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“I agree that, as innovation accelerates, it doesn’t automatically benefit everyone.”
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The Teaching Company
Awed by the Science of Great Structures
As an enthusiastic student of instructional videos offered online or on DVD, I especially enjoyed because it answers questions I've been asking since the 4th grade.
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The Teaching Company continues to turn out lots of interesting new courses. Recently I watched Understanding the World’s Greatest Structures taught by Stephen Ressler, and I thought it was fascinating.

The topic has fascinated me my whole life. As a kid in 4th grade, I remember trying to draw different bridges and wondering when I would be taught enough to understand their designs. I dreamed of coming up with a better way of designing bridges to use less material.

Seattle has a number of interesting bridges, but the one that fascinated me most was the Interstate 5 bridge crossing over Lake Union. I wondered whether the designers could be really sure it wouldn’t fall down. I asked teachers to explain structures, but they didn’t know about them. I eventually realized it would be a long time before I was taught enough math, physics and engineering to understand structures.

During my travels, I have had the chance to see amazing structures. Some are bridges like the Roman aqueduct Pont Du Gard in Southern France. Some are domes like the Pantheon in Rome or the Hagia Sophia church in Istanbul. Some are skyscrapers like the Empire State Building in New York City or the Burj Khalifa (now the tallest in the world) in Dubai. All this time, I have wanted to know how the engineers design these buildings to deal with wind and earthquakes, and what new innovations might be coming along.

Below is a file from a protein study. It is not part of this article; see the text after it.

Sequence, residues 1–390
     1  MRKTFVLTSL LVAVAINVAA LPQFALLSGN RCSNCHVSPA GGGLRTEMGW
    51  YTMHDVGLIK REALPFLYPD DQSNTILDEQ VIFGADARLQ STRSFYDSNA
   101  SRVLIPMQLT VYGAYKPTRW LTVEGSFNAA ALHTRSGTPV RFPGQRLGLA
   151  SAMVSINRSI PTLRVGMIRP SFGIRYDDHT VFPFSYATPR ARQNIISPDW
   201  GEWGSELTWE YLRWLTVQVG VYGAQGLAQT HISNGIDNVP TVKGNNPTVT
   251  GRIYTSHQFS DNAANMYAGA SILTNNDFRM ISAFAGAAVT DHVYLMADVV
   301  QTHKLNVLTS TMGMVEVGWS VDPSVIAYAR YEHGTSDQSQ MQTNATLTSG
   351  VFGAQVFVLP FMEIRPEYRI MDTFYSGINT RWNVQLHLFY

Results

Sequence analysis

Professor Stephen Ressler does a great job explaining the basic elements of structures in 24 lectures of 30 minutes each. After the introductory lecture, he uses the next eight to explain the key elements of structure—cables, beams, columns, arches and trusses. The examples and demonstrations are amazingly good. He keeps things interesting at every step.

The rest of the course covers the history of different types of structures. You learn about bridges that collapsed, like the Tacoma Narrows bridge in Washington State, and how engineers have learned from mistakes. The world has many more amazing and beautiful structures than I appreciated. Ressler shows dozens of bridges and buildings that use novel structural approaches, which are quite amazing.

I loved this course. Ressler’s enthusiasm for the topic comes through in every lecture. He is a great example of the incredible teachers the Teaching Company has found for many of its courses. It’s possible that the audience for this course isn’t large – perhaps not many other people have thought about why buildings don’t fall down. But it you are at all tempted, I encourage you to watch it.

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